As Southwest Florida continues to see its worst algal bloom in more than a decade, swaths of dead or dying marine animals continue to wash ashore on beaches normally packed with visitors this time of year.
The Florida Fish and Wildlife Conservation Commission (FWC) has been responding to the most recently reported finding of a dead whale shark nearly 8 meters (26 feet) long. In collaboration with the National Oceanic and Atmospheric Administration (NOAA), the two agencies performed a necropsy on the young male shark. The animal’s slightly decomposed body suggests a recent death. While officials are not able to confirm at this time whether the animal died from red tide poisoning, they can confirm hundreds of other red tide deaths and injuries found in various species of fish, dolphins, manatees, turtles, and sharks.
Earlier this week, a local news outlet reported nine bottlenose dolphins found dead of suspected red tide poisoning. All were moderate to severely decomposed, which makes sampling more difficult, but investigators were able to confirm they were three males and four females. The other two have yet to be determined.
Since last month, dozens of dead or suffering endangered sea turtles have washed up along beaches, as well as a large adult female manatee exhibiting signs of red tide poisoning.
Generally speaking, algal blooms are a common, naturally occurring event that happen when microscopic algae grow rapidly in the ocean, according to the Centers for Disease Control and Prevention. Specifically, Florida’s red tide is caused by a single-celled organism known as Karenia brevis. The dinoflagellate produces toxins known as brevetoxins, which can cause gastrointestinal and neurological problems in birds, marine mammals, fish, and even humans when it is accidentally consumed or breathed in.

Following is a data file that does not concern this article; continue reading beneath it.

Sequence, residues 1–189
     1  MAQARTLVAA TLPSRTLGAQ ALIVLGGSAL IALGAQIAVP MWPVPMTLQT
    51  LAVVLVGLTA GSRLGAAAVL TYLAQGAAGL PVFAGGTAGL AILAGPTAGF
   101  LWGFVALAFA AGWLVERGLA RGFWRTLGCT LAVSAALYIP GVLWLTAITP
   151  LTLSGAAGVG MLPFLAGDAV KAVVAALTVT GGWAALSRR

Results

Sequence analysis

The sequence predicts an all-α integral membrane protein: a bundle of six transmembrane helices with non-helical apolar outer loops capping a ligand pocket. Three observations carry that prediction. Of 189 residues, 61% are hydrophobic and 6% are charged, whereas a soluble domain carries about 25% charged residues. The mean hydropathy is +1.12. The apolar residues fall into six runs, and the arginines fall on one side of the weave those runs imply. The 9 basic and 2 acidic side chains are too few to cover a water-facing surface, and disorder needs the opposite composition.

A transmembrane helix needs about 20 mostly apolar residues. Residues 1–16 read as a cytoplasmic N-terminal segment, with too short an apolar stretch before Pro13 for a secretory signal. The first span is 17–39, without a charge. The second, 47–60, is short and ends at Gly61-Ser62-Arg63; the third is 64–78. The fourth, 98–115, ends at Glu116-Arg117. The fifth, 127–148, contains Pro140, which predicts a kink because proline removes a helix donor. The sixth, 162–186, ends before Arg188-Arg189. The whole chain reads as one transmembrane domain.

When humans eat shellfish affected by the dinoflagellate algae, they can develop paralytic shellfish poisoning (PSP) or respiratory issues when breathing it in. Numerous reports of respiratory irritation have been reported in the last two weeks, according to an FWC hotline.
While red tide is nothing new in Florida, the length of this one is. For the last 10 months, officials have been monitoring ocean conditions and collecting thousands of seawater samples in a search for the algal bloom's “smoking gun”. Conclusive evidence doesn’t point to one exact cause, but officials suspect it’s a deadly combination of the ocean’s naturally occurring bloom (which normally lasts from October to April) paired with human influences, such as changing ocean conditions and agricultural runoff and pollution.
There is no sign of the red tide ending soon, and experts warn beachgoers to report anything that looks out of place, pay attention to beach advisories and closures, and to call officials to report animal deaths or strandings.